The purpose of sports is to bring people together, which is an admirable endeavor. Naysayers who say, “There shouldn’t be politics in my sports” fail to realize that it is athletes, specifically Black athletes, who have the ability through their broad influence, especially with young people, to correct the racial biases and dogmas that have stifled the American journey to a racially equitable society. Many Black athletes are without peers in bringing their audiences together. Sports icons like Lebron James, Serena Williams, and yes, Colin Kaepernick, have wielded their social and economic influence like few before them. Their actions beg the question, How? How did these athletes acquire the social capital needed to play the role of agents of change?
Their behaviors can be traced back to February 26, 2012, when Trayvon Martin was killed for the crime of walking down a street while Black. The killing not only sparked the Black Lives Matter movement; but it also served as a launchpad for Black athletes to speak out in pursuit of social justice. From George Floyd and Breonna Taylor this year, to Philando Castile and Alton Sterling of years past, Black athletes now stand undaunted and unyielding. Why? Better yet, what exactly has enabled them to become this activist athlete? It is quite simple. They hold in their sphere of influence the hearts of millions of young white people who consider the athletes role models.
As a person who attended both an elementary and middle school, which had only a handful of minority students, I’ve witnessed the Black athlete/role model phenomenon firsthand. White students would have their parents buy Black athletes’ items of apparel like shoes; would mimic their moves and swagger; would duplicate their hairstyles and speech patterns. As it turns out, young people tend to listen to what their role models have to say, and the activist Black athlete has recently been saying that Black Lives matter, further, to vote like Black Lives Matter.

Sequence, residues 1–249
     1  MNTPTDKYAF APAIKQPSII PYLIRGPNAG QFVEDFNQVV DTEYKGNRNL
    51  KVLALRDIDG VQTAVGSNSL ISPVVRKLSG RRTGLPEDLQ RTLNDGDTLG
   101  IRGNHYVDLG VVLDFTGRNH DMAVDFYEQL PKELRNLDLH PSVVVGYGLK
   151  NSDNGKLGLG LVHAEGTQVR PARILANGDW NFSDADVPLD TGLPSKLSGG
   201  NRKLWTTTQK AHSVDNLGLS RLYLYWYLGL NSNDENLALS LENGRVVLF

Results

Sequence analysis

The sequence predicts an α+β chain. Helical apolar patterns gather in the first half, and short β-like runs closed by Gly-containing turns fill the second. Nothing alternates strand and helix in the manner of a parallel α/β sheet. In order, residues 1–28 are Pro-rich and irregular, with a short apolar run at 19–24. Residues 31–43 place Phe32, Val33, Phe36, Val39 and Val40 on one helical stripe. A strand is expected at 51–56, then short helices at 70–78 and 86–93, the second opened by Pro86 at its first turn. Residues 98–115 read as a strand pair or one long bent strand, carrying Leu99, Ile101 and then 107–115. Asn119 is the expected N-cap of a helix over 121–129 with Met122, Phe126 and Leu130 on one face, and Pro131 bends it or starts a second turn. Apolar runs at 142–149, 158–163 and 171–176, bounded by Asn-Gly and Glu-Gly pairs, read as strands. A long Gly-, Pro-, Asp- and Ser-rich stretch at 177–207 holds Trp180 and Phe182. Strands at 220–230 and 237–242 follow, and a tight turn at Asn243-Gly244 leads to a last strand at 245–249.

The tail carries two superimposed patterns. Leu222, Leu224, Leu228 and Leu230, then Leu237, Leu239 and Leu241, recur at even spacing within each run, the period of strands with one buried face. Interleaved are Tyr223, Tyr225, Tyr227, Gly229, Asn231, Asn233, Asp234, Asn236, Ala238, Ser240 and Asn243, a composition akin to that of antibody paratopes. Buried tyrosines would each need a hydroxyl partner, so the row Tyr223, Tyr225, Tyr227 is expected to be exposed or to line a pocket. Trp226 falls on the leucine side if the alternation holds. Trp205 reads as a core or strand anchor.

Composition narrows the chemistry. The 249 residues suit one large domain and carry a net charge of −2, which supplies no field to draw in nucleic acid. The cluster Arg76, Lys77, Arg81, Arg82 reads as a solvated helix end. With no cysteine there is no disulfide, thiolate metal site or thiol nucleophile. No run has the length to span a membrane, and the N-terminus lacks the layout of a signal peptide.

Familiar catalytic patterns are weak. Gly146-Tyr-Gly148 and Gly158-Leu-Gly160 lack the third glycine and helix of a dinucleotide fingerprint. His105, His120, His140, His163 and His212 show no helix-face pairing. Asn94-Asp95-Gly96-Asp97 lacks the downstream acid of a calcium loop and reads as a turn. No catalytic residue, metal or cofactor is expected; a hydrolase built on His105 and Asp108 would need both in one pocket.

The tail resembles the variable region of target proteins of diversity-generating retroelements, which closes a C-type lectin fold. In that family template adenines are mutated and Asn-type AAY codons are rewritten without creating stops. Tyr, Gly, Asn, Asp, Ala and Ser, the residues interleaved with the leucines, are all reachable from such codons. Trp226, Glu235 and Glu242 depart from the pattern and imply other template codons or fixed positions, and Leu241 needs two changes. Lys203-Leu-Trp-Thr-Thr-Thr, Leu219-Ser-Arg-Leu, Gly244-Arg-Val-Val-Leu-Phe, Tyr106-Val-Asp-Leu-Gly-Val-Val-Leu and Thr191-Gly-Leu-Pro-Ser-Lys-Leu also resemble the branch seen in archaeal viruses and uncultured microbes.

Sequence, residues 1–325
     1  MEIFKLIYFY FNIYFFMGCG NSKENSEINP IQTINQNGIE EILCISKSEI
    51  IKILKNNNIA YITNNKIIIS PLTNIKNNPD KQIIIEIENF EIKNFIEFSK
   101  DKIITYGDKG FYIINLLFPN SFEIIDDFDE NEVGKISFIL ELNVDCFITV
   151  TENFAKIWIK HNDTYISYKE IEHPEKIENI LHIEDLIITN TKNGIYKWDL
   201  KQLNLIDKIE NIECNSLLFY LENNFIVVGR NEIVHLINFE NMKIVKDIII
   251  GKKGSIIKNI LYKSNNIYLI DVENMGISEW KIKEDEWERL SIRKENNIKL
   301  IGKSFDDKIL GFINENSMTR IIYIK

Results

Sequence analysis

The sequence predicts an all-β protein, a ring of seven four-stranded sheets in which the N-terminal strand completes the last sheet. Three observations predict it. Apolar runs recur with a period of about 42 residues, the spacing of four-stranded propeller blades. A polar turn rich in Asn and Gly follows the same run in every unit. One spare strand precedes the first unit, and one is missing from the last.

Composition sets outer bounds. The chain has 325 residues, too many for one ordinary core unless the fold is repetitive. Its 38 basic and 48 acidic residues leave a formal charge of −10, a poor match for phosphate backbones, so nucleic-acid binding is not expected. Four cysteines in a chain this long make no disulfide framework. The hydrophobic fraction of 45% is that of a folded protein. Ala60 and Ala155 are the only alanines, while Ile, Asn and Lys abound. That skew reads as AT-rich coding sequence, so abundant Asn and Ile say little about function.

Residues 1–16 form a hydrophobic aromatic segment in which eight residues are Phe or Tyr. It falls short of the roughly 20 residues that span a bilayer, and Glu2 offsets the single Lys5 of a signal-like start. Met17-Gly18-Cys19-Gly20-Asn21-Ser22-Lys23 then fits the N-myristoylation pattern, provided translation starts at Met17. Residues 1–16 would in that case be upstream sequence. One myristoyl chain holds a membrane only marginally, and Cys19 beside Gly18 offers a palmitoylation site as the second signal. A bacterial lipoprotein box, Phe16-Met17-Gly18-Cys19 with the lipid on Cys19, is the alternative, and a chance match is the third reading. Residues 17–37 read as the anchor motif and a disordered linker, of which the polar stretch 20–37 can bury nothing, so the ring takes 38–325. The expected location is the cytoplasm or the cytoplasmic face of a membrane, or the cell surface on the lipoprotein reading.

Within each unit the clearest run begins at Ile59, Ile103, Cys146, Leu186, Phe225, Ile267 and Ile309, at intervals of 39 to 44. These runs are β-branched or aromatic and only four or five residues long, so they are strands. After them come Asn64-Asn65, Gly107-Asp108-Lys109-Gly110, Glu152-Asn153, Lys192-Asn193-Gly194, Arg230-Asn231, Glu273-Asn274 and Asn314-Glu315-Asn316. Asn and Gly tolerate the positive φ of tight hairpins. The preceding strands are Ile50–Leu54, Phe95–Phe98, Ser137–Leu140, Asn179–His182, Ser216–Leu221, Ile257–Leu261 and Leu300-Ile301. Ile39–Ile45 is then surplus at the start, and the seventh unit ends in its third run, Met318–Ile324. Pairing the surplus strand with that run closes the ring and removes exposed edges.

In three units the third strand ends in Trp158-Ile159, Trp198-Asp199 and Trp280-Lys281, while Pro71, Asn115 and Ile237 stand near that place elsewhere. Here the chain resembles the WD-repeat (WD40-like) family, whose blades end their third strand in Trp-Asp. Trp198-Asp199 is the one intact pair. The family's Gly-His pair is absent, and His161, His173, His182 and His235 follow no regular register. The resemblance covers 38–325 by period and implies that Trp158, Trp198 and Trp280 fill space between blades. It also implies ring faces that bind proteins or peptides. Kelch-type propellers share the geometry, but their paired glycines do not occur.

Luckily, in the 2020 election season, millions of young white voters. who have been influenced by Black athletes activism, will be eligible to vote for the first time. I know many of these new young voters. I grew up with them and understand that they have the potential to fundamentally alter race relations in this country for the better. Voting as a bloc, they could end the failed experiment that is the Trump presidency. Truth be told, both are not mutually exclusive.
Lebron, Serena and Colin stand on the shoulders of sports legends like Muhammad Ali, Kareem Abdul Jabbar, and Bill Russell who were indispensable in loosening the chains on the doors of progress, which they continue to kick down. Their stature in today’s society is unparalleled. They are primary influencers of a racially-unified coalition of Gen Z and Millennials, who have had enough of past injustices. Their role in addition to their athletic prowess is to lead, and, as the great John Lewis would say, get into good trouble.